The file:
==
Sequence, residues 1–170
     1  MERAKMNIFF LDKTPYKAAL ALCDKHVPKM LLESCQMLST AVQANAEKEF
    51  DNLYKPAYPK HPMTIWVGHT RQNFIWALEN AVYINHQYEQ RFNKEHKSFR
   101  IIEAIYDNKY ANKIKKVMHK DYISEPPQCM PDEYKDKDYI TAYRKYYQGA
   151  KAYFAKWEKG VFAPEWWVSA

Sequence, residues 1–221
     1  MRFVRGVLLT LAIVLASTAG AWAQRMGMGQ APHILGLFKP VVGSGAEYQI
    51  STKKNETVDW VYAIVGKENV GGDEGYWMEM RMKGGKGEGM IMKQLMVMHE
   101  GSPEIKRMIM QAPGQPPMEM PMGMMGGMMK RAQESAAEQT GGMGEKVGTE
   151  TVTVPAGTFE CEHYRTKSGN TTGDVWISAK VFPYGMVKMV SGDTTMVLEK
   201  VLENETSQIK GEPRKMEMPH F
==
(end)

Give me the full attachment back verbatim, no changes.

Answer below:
Sequence, residues 1–170
     1  MERAKMNIFF LDKTPYKAAL ALCDKHVPKM LLESCQMLST AVQANAEKEF
    51  DNLYKPAYPK HPMTIWVGHT RQNFIWALEN AVYINHQYEQ RFNKEHKSFR
   101  IIEAIYDNKY ANKIKKVMHK DYISEPPQCM PDEYKDKDYI TAYRKYYQGA
   151  KAYFAKWEKG VFAPEWWVSA

Sequence, residues 1–221
     1  MRFVRGVLLT LAIVLASTAG AWAQRMGMGQ APHILGLFKP VVGSGAEYQI
    51  STKKNETVDW VYAIVGKENV GGDEGYWMEM RMKGGKGEGM IMKQLMVMHE
   101  GSPEIKRMIM QAPGQPPMEM PMGMMGGMMK RAQESAAEQT GGMGEKVGTE
   151  TVTVPAGTFE CEHYRTKSGN TTGDVWISAK VFPYGMVKMV SGDTTMVLEK
   201  VLENETSQIK GEPRKMEMPH F